It was a very long drive home, from the far opposite side of town, and by the time I got home I was so deeply weary I collapsed in my chair. I wasn’t sure I had the energy to crawl back to my bed. This is entirely exhausting, being social with people I don’t know, even though they are nice and welcoming, even though they make it easy. Because I’m shy, I’m introverted. I look forward to Friday night, no plans, just staying in and regaining my energy. Saturday night, no plans. Sunday with Katie.

But tonight I’m going to a group that meets to discuss articles from The New Yorker. We read three specific articles from the most recent issue and then talk about them over dinner. Now if I could only find some people who read the New York Review of Books…..

good thing of the day: a comfortable, comfortable bed, just the right soft/hardness, with wonderful plump pillows, soft white sheets, and a quilt to pull up to your ears. especially when it’s a bed of your own.

 

baby steps, training wheels, pick your metaphor

It’s amazing what a difference 10 years makes in a city; I left in March of 2003, and Austin has changed so much since then. So have I. Of course. I’ve enlarged and shrunk, nearly in equal measure . . . but that doesn’t leave me the same size. It’s funny the way that works.

Since I lived here last, I’ve lived and flourished in the giant metropolis of Manhattan. I’ve learned how to live cheek and jowl among the world, which is how Manhattan can feel at times. I’ve learned how to navigate those crowds, make my way through the subways and gridlock. I’ve also traveled around the world and made my way in places that are strange in every possible way, with alphabets I could not recognize and money I recognized even less. I’ve learned how to talk to people who speak languages that made absolutely no sense to my ear.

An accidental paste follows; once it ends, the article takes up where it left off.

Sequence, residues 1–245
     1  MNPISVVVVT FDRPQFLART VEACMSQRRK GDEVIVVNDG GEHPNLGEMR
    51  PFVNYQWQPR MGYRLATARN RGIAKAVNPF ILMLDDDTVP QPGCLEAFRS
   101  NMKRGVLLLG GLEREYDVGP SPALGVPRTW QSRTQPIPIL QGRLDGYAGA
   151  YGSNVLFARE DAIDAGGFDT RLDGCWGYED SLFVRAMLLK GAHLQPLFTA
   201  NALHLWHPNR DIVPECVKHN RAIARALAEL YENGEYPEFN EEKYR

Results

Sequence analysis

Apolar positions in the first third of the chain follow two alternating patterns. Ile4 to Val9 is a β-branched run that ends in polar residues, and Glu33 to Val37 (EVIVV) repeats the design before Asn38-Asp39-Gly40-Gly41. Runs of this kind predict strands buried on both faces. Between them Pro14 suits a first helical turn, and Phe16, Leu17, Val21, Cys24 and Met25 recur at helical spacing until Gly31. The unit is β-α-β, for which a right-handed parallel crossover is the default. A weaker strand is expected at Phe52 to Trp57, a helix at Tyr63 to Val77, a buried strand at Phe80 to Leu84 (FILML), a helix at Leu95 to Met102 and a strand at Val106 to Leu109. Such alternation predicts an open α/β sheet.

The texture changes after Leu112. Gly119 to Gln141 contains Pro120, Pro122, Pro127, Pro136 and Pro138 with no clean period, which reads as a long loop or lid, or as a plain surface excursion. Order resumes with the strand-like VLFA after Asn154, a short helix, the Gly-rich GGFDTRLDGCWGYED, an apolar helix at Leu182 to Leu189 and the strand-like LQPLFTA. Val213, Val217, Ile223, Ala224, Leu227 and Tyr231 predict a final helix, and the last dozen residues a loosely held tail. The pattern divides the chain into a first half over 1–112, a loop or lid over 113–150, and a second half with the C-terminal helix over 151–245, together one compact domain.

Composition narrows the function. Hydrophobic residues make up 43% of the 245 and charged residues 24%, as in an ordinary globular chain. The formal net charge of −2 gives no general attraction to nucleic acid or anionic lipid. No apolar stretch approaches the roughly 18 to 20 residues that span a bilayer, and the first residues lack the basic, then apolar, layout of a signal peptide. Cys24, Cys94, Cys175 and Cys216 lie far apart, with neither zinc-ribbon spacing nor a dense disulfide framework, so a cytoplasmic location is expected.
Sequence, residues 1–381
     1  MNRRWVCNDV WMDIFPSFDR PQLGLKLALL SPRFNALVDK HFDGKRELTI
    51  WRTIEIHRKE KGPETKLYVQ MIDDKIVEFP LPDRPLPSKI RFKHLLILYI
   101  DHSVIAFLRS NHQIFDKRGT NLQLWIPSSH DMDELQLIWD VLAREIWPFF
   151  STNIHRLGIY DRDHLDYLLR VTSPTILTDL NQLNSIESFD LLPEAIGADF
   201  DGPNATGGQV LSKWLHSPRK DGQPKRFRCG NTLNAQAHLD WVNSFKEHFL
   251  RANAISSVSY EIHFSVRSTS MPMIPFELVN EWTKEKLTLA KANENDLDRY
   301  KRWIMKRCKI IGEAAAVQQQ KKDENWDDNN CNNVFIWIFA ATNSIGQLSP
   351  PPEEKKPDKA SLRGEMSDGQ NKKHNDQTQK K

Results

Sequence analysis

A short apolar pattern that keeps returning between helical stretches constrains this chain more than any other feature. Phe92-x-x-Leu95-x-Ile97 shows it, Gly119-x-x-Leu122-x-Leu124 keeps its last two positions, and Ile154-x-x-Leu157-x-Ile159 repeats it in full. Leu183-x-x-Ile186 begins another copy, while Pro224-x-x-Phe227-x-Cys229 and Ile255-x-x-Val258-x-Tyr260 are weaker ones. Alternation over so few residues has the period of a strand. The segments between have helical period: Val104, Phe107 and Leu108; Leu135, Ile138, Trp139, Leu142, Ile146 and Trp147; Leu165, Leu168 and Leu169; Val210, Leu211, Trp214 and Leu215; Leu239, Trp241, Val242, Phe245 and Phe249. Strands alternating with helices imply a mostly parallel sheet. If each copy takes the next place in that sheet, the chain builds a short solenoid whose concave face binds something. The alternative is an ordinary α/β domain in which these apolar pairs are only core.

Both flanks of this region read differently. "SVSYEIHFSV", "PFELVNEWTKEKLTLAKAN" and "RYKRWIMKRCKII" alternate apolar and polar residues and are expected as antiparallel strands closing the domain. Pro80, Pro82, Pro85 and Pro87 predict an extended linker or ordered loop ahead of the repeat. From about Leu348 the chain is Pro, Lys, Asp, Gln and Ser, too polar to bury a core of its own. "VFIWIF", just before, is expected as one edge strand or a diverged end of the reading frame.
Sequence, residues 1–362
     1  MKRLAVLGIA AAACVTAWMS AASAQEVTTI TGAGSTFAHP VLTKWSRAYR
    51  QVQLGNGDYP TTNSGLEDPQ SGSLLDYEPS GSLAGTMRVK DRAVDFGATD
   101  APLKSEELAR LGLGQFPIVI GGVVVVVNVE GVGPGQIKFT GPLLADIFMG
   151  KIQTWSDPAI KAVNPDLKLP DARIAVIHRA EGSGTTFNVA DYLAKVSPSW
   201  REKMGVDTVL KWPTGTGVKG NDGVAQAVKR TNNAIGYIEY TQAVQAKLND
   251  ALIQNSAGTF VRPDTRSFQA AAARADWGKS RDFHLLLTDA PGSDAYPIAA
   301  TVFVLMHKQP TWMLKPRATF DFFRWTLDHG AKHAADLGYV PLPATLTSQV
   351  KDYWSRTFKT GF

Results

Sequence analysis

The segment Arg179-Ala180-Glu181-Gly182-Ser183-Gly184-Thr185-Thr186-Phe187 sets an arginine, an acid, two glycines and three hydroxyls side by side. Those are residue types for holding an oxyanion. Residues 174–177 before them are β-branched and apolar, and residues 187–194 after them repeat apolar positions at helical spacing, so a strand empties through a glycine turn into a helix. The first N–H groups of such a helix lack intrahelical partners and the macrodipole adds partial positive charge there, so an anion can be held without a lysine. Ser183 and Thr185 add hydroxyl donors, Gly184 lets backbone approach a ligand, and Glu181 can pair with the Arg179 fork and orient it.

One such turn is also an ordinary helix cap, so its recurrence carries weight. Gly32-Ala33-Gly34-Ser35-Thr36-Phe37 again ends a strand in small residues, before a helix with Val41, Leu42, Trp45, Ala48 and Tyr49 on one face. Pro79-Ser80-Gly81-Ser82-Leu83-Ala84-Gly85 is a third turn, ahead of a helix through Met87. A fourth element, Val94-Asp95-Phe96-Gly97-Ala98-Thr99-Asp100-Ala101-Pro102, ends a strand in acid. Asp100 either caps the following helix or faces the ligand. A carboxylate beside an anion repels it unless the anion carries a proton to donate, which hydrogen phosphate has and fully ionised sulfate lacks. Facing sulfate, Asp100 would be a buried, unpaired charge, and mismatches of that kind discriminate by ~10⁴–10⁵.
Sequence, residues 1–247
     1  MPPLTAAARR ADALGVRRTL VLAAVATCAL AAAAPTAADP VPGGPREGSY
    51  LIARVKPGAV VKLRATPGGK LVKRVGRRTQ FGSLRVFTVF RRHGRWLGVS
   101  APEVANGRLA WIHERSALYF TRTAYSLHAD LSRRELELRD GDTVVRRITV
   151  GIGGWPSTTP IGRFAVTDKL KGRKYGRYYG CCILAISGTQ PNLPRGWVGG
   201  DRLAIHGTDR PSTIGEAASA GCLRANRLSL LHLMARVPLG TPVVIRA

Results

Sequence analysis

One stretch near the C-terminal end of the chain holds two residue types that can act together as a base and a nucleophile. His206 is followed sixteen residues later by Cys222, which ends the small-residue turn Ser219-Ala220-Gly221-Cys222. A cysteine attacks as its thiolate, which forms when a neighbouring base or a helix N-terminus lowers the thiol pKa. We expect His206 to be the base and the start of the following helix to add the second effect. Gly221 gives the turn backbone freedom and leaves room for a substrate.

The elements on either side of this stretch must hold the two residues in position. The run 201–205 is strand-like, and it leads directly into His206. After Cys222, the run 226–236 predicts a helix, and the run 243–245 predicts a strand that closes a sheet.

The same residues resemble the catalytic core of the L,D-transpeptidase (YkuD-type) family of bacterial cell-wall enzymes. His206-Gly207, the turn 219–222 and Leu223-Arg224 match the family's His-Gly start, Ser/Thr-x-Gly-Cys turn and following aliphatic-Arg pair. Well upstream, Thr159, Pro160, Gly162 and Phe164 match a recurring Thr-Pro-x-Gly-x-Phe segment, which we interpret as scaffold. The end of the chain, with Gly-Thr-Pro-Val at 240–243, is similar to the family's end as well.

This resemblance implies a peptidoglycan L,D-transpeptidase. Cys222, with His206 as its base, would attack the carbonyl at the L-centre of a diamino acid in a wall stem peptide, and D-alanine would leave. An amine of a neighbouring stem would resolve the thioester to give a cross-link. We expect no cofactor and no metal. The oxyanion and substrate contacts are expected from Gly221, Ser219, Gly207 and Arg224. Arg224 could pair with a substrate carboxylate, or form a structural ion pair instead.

And also since I lived here last, I was part of a couple, in a marriage—difficult much of the time, lonely in its particular ways—but a tight little world of two. Someone there every day, someone who didn’t leave, someone who cooked for me every day and planned wonderful trips to exotic locations, someone who rubbed my back every single night as I drifted off to sleep, and rubbed my feet while we watched tv.

And so here I am, back in now-tiny Austin, my familiar that’s now unfamiliar, all alone in my all-new home. It’s so small and I’m so much more cosmopolitan, and at the same time it’s quite different than the city I left. And I am hurt and small and alone, scared, needing to push myself out in the world and scared to do so. But I have to, I really do. 

Last night I went to an art gallery opening for a watercolor artist. I’d RSVPed and planned to go, and then get something to eat somewhere nearby. I’d have done it, I’d have gone alone; the weather turned nice, after days of rain and gray skies, so even though I got a cold yesterday, I’d have gone anyway. I’d have walked around the gallery, sipped the wine, ogled the paintings and wondered how she made them. I’d have done that.

But beforehand I emailed a friend of Katie’s, a young man I always liked so very much, and asked if he’d like to go, if he didn’t already have plans. It felt somehow more doable to be there in the crowd with a friend, someone to talk with, someone to compare opinions (you like that, really? why?). And then someone to eat sushi with afterwards, to talk about the books we’re reading and movies we’ve seen. He’s in his early 30s, Katie’s friend, an easy companion (though I felt like he kept wondering what I really wanted…). Although it’s just fun to talk with him, he was also my training wheels. Next Saturday I’ve got crazy wild plans — brunch, then a knitting group, and then out dancing — so a bit of practice with a young friend helped.

I keep feeling like I can’t quite see — like the road is hard to see over there, like it’s dark and I’m not sure where to turn, like none of the landmarks make sense. Where is this, it’s not here any longer, now it’s that. Of course it might help if I got out during the day and poked around, instead of only trying to find my way at night, in the rain. But I suspect this feeling of confusion, of being unable to see, is deeper than the dark and the weather. I take steps forward and steps backward, because that’s what life is, and slowly I get somewhere. Baby steps, Lorraine. It’s OK.